Continue Reading

European Parliament’s Committee on Economic and Monetary Affairs Publishes Fintech Report

Posted in Emerging Companies and Technology

By Andrew Moyle, Fiona Maclean, Christian McDermott, Andrea Stout and Stuart Davis

On April 28th, the European Parliament’s Committee on Economic and Monetary Affairs (ECON) published a report about Fintech and the Virtual Currency B - Singleinfluence of technology on the future of the financial sector. The report, prepared by Cora van Nieuwenhuizen, was adopted by ECON with 45 votes in its favour (6 against) a few days prior to its publication. Designed to encourage the EU to further support Fintech development, the report is addressed to the European Commission and is expected to be read alongside the Commission’s Consultation Document on Fintech which was published earlier this year.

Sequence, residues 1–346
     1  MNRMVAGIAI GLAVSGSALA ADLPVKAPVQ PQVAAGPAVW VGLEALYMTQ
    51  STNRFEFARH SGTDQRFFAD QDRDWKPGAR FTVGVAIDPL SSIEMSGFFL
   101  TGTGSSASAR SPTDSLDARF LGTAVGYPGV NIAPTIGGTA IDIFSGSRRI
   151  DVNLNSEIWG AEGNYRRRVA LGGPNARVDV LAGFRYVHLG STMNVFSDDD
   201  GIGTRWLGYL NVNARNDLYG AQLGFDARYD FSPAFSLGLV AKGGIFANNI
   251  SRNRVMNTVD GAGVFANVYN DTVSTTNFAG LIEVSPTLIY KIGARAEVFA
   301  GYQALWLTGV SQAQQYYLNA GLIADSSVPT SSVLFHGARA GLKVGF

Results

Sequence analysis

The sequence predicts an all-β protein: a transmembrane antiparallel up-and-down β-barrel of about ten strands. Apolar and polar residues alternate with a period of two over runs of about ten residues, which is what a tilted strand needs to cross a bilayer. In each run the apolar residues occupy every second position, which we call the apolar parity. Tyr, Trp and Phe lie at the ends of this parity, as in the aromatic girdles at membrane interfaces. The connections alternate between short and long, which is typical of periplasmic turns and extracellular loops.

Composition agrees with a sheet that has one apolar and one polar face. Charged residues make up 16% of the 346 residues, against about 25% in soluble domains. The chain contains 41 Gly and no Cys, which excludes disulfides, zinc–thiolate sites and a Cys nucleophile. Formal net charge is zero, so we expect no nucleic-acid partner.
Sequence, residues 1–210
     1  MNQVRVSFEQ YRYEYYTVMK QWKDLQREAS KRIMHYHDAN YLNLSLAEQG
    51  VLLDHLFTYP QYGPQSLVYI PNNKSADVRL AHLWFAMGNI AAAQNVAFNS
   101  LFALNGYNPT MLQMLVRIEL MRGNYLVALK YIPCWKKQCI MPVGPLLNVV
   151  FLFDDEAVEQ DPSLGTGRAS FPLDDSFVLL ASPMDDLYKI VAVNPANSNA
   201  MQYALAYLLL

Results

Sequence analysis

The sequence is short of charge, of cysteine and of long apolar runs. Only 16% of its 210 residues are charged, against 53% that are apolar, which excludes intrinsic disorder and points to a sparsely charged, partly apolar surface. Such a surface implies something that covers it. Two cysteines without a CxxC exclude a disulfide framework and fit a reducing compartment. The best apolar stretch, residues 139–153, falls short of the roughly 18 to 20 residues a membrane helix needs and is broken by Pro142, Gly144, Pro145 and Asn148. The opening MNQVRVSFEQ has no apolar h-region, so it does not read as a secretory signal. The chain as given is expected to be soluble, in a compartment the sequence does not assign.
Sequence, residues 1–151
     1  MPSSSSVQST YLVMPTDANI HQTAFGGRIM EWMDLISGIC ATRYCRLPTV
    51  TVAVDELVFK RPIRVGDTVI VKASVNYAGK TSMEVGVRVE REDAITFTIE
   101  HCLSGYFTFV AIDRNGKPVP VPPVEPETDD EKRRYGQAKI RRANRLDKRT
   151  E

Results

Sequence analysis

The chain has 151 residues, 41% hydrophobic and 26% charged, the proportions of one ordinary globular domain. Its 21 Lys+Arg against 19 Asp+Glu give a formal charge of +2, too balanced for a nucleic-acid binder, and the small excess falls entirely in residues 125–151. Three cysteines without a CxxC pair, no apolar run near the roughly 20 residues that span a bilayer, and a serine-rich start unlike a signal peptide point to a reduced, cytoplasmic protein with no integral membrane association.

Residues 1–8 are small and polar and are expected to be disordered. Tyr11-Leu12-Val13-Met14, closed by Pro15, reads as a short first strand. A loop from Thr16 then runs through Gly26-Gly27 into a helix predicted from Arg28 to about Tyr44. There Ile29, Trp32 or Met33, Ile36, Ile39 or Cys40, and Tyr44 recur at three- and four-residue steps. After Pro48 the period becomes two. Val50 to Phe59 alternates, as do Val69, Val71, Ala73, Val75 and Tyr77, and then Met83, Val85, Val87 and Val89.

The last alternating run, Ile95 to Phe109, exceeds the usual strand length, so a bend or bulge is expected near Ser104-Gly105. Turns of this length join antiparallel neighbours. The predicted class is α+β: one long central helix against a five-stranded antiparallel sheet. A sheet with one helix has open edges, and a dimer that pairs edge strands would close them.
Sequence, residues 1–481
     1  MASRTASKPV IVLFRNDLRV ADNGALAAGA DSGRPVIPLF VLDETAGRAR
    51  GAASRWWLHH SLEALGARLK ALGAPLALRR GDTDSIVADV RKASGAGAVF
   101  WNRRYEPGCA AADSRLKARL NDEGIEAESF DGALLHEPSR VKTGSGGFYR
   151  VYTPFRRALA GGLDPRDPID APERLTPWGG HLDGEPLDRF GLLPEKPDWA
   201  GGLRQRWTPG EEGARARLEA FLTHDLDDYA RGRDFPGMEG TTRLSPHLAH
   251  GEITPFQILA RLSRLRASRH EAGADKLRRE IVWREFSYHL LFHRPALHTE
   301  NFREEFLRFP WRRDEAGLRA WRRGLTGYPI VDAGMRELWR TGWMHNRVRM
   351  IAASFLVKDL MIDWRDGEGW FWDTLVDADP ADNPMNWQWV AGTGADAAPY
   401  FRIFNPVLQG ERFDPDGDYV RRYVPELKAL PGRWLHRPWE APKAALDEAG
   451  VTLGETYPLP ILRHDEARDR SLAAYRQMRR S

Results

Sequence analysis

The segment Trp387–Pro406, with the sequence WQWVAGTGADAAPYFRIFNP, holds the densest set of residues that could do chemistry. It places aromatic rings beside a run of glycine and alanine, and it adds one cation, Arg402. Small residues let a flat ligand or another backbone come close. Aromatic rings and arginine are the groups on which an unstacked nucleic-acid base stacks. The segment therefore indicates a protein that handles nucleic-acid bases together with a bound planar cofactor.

The report sets out a number of priorities: Continue Reading

The OECD’s View on Integration of ESG Issues into Investments – What Next?

Posted in Environment

By Paul Davies and Michael Green

The Organisation for Economic Co-operation and Development (OECD) published a report (OECD Report) on investment governance and integration of environmental, social and governance (ESG) factors on 2 May 2017. The OECD Report develops work already carried out by the organisation on the regulation of investment companies and pension fund investments. It is also linked to certain OECD instruments, including (i) the OECD principles of private pension regulation (adopted in 2016) and (ii) the G20/OECD high level principles of long term financing by institutional investors (last published in September 2013).